Check cranberries by water blanching; simply place washed berries in a colander and dip briefly in boiling water (30 seconds to one minute), and then drain well. If the skins split, you have over-blanched. But they can still be dried successfully. Next time, shorten the blanching time.
Preheat an oven or food dehydrator to 130°F to 140°F. Place drained cranberries on drying trays. Dry until pliable for snacking, or until brittle for longer storage. Cool until no longer warm; store in an airtight container in a cool, dry place for about 2 months. Freeze for longer storage.
The length of drying time can fluctuate widely and depends on the method used and weather (especially relative humidity). Whole berries can take as little as a few hours to dry, but in humid conditions, may take one or more days to dry.
How to prepare cranberry sauce
Wash 2 cups fresh or frozen cranberries in cold water and place in a saucepan with ¼ cup water or orange juice. Cook berries over medium heat for 10 minutes, or until skins split. Leave cranberries whole, or puree to desired consistency with a food processor or hand blender. If smooth sauce is desired, strain pureed berries through a wire mesh strainer or food mill. Return sauce to the pan and add 1 cup sugar. If using orange juice, you may also want to add 1 teaspoon freshly grated orange zest. Bring sauce to a boil over high heat. Boil for 3 minutes..
How to freeze cranberry sauce
Prepare cranberry sauce and cool completely. Pack into freezer safe containers and freeze up to 1 year.
How to can cranberry sauce
Prepare cranberry sauce, and then reduce heat to keep hot while filling jars. Adjust headspace to ¼-inch. Process half-pints or pints for 15 minutes (at 0 to 1,000 feet).
How to dry cranberry sauce to make fruit leather
Fruit leathers are made from fruit sauce that is spread thin, and dried until supple and leather-like sheets of chewy fruit. The sheets are usually rolled up and individually wrapped for storage.
To prepare fruit leather from tart cranberries, either prepare cranberry sauce, or combine pureed fresh cranberries equally with a sweet fruit sauce such as apple sauce, pear sauce, or pureed pineapple. Alternatively, add honey, corn syrup, or saccharin-based artificial sweetener to pureed fresh cranberries. Puree 2 cups prepared cranberries with about ½-cup natural sweetener or the equivalent amount of artificial sweetener, or to taste.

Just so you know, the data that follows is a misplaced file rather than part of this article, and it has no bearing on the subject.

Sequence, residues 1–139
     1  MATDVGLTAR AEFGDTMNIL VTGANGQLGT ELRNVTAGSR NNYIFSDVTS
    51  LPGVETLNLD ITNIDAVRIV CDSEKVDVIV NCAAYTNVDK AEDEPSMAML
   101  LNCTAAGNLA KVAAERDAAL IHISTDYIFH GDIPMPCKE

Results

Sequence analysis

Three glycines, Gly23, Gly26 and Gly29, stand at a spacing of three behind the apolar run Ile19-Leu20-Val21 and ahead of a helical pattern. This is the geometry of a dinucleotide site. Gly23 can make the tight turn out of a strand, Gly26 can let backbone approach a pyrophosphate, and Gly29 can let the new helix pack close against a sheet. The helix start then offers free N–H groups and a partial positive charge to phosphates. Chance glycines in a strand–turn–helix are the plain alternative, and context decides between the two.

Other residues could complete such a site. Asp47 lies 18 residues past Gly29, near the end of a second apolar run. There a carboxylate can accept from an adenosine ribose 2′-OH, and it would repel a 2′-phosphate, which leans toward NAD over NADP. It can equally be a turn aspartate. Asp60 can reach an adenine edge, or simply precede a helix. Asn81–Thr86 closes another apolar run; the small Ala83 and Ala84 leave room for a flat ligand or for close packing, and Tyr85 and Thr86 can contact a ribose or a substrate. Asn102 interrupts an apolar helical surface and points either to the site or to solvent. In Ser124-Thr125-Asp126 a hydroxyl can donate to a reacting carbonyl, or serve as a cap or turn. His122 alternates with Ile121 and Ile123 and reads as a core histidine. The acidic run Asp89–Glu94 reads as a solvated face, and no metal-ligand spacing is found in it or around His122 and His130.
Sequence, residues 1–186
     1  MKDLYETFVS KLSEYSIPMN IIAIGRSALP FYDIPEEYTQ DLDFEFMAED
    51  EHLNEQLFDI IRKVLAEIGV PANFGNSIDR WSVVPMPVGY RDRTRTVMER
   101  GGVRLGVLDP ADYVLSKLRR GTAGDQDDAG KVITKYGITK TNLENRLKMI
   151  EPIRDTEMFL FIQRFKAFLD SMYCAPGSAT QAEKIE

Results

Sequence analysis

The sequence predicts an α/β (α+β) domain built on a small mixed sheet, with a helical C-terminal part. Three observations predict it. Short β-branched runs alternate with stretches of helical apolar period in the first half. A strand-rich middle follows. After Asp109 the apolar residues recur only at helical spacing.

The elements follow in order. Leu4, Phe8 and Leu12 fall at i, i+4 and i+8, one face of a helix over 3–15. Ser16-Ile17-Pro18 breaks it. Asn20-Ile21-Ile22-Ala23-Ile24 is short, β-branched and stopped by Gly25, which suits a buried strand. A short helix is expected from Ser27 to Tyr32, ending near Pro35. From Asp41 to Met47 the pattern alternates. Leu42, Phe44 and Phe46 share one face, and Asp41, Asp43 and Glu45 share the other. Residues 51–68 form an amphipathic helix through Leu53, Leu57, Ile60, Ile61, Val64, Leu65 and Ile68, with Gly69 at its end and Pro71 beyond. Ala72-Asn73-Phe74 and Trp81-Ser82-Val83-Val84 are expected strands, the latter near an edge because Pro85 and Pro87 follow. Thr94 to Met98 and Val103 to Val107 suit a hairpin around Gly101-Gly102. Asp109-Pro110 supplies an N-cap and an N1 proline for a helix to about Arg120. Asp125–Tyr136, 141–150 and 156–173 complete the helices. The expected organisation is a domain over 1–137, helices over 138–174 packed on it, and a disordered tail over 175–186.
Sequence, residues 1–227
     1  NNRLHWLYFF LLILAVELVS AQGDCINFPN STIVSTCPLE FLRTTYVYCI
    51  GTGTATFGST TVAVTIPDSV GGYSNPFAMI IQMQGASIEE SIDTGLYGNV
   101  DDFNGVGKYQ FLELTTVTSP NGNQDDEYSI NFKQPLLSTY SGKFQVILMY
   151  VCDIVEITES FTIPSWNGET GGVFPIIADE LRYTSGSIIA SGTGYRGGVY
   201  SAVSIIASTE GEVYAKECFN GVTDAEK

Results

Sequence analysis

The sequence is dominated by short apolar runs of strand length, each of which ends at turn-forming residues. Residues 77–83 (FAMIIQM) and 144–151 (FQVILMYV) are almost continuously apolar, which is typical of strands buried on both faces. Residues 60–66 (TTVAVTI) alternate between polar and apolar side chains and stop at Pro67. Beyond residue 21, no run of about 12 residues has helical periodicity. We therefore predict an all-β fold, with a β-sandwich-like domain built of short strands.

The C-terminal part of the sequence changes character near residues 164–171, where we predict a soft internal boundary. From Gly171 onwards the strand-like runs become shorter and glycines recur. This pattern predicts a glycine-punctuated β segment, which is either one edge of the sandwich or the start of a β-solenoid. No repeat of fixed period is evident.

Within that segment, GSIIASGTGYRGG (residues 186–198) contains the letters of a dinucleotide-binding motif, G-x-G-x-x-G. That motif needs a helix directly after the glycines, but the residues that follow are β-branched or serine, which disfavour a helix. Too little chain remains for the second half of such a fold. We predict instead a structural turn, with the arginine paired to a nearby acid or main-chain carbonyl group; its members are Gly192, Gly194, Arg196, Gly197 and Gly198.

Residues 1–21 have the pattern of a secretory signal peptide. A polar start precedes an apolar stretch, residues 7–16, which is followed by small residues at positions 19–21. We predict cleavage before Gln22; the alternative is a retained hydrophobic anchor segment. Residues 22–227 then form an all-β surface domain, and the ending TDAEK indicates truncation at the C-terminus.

Preheat an oven or food dehydrator to 130°F to 140°F. Line the drying tray with plastic wrap or parchment paper. Spread sauce ¼ to ½-inch thick on the liner. Dry until leather is evenly pliable and firm; there should be no soft spots. Peel from liner while still warm and cut or roll into serving pieces. Cool until no longer warm and then wrap pieces individually. Store in an airtight container in a cool, dry place for about 2 months. Freeze for longer storage.
How to prepare cranberry juice
Estimate about 3½ pounds (about 14 cups) cranberries to make one quart of juice. Measure fruit into a saucepan, crush slightly, and add one cup hot water for each quart of fruit. Cook mixture over medium heat, stirring frequently, for 10 to 15 minutes or until soft. Transfer to a fine mesh strainer, or colander lined with a double layer of dampened cheesecloth, and set over a bowl. Drain undisturbed for two hours; pressing the solids will result in cloudy juice, so avoid disturbing the fruit if you want clear juice. Discard solids in the strainer, or use to make cranberry sauce or cranberry fruit leather using the preceding recipes.
In a saucepan, combine juice with one to four tablespoons sugar (or to taste). Sugar may be omitted, but helps retain color and flavor. Refrigerate juice and use within three days, or preserve by freezing or canning.
How to freeze cranberry juice
Chill freshly prepared cranberry juice in the refrigerator. Transfer to freezer-safe container and freeze up to 12 months.
How to can cranberry juice
In a saucepan over medium-high heat, heat freshly made cranberry juice to 190°F; adjust heat as needed and keep juice at 190°F for five minutes. Do not boil. (This step is necessary to pasteurize juice and make it safe for canning.) Keep juice hot while filling jars; adjust headspace to ¼-inch. Process pints or quarts for 15 minutes (at 0 to 1,000 feet).
For more information about these and other food preservation methods with recipes for all types of foods, buy the book The Home Preserving Bible by Carole Cancler.